Brand: Tag Body Spray (Gillette)
Link: Click Here (You will need to get past the age verification and find the medicine cabinet. Clicking on the top row launches the ad. Sorry.)
Target: Pre-teen and teen boys
A teenage boy sprays himself liberally with TAG as he exits his car. The boy exits his car and knocks on the door which is answered by an attractive thirty-something woman. “Hi Stephen … Sarah’s still getting ready,” she says and the spot cuts to a quick shot of a younger girl pulling on pants. Stephen and Mrs. Drake exchange pleasantries at the door and then she invites him in. When he passes she sniffs the air pointedly and is immediately mesmerized by the TAG smell. She walks close to him and purrs, “I like your hair cut like this.” He stammers, “Mrs. … Drake?” and she says, “call me Bonnie.” Then a button on her blouse pops and she says, “oops.” A disclaimer over the ad appears read at high speed by a male announcer claiming that TAG is not responsible for effects on mothers of friends or friends of friends. Then the spot cuts back to a product shot with another male voice saying, “Introducing TAG body spray for guys.” Whereupon the TAG bottle squirts and we hear a female moan of pleasure and the announcer continues with the tagline, “consider yourself warned.”
The reference to “The Graduate” is amusing even though it will go unnoticed by most of the target audience for TAG. The establishing shot of the boy spraying himself with TAG in his car helps improve the branding of the spot and show us that the boy has a car and a date which may make him aspirational for users of the product who may have neither. The actors for both boy and Mrs. Drake-cum-Robinson are well chosen.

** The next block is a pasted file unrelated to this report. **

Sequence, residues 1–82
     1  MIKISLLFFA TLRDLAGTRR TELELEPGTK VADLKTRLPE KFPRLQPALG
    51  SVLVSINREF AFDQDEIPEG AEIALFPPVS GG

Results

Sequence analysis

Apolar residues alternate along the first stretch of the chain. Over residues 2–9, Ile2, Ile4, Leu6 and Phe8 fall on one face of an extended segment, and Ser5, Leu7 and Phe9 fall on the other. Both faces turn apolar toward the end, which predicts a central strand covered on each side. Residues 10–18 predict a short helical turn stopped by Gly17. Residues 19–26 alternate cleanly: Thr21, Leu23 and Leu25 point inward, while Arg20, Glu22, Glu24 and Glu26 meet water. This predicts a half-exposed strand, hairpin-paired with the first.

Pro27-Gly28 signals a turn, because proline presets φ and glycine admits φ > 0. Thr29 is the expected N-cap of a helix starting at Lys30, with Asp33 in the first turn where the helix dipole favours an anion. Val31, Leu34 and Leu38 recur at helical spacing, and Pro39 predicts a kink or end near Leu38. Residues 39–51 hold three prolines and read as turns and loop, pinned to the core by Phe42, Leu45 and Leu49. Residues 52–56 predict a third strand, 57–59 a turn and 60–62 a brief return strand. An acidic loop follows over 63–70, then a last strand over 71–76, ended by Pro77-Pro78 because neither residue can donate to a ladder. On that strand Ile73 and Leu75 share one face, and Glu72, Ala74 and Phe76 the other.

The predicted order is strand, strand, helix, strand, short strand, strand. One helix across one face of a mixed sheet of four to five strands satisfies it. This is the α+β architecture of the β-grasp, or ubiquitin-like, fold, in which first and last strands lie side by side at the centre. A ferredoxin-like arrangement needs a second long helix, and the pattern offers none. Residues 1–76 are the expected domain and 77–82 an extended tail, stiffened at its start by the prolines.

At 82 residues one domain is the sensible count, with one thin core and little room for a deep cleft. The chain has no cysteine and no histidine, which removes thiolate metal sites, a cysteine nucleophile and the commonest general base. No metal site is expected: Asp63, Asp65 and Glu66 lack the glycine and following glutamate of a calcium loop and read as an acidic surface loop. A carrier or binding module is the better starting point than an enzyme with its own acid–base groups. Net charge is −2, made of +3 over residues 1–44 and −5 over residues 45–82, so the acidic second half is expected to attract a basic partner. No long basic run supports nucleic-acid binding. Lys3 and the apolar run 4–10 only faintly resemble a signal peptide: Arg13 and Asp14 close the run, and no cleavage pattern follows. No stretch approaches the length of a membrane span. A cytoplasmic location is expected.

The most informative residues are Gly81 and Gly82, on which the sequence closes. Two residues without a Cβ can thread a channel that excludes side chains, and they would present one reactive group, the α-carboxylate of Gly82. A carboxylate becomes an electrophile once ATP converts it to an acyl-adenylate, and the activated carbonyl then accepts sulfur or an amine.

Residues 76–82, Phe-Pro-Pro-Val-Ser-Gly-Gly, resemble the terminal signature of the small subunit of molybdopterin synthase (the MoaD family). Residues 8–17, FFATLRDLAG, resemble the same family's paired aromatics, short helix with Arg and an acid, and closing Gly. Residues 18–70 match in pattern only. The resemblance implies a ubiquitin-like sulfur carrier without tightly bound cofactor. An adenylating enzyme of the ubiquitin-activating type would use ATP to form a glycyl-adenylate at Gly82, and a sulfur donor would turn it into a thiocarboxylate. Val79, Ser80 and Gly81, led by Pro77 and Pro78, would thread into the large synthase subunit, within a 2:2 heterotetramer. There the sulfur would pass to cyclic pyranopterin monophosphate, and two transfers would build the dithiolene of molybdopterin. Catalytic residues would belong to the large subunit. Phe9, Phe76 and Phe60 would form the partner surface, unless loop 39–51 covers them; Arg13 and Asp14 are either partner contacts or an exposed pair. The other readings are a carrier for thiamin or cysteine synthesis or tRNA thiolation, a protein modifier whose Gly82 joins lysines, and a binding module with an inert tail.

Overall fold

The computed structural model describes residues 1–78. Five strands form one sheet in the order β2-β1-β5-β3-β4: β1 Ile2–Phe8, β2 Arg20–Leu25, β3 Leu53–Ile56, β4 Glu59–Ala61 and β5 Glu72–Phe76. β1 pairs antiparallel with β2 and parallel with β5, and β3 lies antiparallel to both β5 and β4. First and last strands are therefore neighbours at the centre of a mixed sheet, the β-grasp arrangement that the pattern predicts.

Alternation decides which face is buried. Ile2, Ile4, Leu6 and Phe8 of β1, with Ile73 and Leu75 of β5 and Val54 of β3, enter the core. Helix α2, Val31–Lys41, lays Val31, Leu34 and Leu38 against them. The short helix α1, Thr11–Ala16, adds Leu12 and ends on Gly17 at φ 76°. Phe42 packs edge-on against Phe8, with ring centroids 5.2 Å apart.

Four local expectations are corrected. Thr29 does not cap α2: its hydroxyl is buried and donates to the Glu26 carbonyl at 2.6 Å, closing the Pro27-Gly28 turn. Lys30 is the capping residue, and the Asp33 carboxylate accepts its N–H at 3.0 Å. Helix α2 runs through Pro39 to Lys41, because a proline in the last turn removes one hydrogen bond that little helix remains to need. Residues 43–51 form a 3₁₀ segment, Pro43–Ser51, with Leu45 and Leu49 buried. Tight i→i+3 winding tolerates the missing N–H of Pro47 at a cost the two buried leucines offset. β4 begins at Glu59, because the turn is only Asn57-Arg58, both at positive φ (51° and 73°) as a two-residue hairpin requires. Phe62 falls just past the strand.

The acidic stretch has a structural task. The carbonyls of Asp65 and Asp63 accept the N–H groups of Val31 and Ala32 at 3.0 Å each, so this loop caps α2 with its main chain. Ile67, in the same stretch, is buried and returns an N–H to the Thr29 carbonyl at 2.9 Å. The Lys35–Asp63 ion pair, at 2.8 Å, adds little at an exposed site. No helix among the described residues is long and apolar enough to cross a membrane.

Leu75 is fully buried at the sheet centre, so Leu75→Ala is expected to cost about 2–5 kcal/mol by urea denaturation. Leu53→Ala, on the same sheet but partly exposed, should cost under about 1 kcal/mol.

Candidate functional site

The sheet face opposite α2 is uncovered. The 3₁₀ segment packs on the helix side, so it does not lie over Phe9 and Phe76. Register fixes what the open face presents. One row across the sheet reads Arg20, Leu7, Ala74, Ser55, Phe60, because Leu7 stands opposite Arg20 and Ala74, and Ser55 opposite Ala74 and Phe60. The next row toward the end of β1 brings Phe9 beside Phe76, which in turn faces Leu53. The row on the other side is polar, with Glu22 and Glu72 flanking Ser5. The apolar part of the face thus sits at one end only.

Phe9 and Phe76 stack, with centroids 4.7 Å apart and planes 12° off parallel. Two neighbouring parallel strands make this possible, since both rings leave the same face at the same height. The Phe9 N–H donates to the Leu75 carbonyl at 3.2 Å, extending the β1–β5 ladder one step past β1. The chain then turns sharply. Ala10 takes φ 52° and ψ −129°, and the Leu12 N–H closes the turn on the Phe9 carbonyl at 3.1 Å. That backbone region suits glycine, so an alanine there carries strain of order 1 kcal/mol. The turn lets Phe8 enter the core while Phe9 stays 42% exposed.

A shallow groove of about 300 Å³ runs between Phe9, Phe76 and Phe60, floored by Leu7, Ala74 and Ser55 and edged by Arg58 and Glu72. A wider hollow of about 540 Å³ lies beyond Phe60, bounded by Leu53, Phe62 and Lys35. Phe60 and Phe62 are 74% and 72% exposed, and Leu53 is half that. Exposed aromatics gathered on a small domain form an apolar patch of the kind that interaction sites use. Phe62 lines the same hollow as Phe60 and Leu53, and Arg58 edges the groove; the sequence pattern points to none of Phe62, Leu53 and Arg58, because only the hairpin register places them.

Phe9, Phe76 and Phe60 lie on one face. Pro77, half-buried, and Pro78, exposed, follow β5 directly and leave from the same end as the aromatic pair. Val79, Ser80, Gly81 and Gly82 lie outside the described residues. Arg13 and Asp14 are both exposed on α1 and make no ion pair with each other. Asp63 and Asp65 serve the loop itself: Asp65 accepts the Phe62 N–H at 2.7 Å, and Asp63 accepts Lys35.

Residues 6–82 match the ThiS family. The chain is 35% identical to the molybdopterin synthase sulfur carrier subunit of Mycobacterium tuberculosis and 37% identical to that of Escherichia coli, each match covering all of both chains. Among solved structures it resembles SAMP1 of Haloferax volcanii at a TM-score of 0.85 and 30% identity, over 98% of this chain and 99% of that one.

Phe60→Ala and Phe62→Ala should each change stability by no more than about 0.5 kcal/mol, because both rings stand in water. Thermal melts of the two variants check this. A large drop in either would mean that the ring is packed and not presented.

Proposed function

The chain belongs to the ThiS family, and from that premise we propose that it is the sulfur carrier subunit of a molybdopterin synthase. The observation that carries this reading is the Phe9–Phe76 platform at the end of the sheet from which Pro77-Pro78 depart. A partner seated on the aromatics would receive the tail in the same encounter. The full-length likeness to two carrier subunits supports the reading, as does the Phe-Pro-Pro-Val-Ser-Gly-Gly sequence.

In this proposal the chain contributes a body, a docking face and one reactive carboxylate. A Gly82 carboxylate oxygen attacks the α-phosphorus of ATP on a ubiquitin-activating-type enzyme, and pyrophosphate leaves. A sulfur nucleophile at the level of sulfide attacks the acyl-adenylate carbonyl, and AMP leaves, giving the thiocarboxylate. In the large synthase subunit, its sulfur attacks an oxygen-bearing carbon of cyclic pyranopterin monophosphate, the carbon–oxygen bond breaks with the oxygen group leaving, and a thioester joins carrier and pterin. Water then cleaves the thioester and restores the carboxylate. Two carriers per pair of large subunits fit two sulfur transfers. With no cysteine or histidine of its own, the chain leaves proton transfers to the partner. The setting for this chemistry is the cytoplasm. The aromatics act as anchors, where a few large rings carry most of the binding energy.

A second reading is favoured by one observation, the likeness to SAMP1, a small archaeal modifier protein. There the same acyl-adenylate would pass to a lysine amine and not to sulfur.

There is some debate in marketing and media circles over just what exactly the AXE EFFECT is. Unilever would like us to believe that its the power of the smelly fragrances to attract girls. Many American parents think it is the power to persuade juveniles that smelling like a carwash from fifty feet away is a good thing (read Robin Givhan’s droll commentary on Axe for the Washington Post here). Investors and marketers think the AXE EFFECT is getting those same young men to spend billions of dollars on something they never used before – which becomes found money for packaged goods companies.
Only after looking at the launch spot for Gillette’s TAG do we see what the AXE EFFECT truly is – spawning mindless competition.
You can’t blame the agency for this spot. It is executed extremely well, but it is executed against the same strategy as AXE. The AXE EFFECT is getting women uncontrollably excited. The TAG effect is – getting women uncontrollably excited?? Is there a subtle difference in thinking that older women will also take notice? Perhaps. But TAG is trying to own something that AXE already has locked up.
This advertising blog suspects that when you watch this commercial you are watching a financial strategy at play, not a marketing strategy. Launch a second product in a successful category (well, Old Spice Red Zone might have beat them, but ignore that for the moment) and you get some guaranteed share. And it is a big, big market. So no need to put the braintrust behind the marketing strategy – just more or less follow the blueprint put down by Unilever.
Pardon us if we’re unimpressed.
Branding Bottom Line:
Procter & Gamble cannot take control of Gillette marketing soon enough.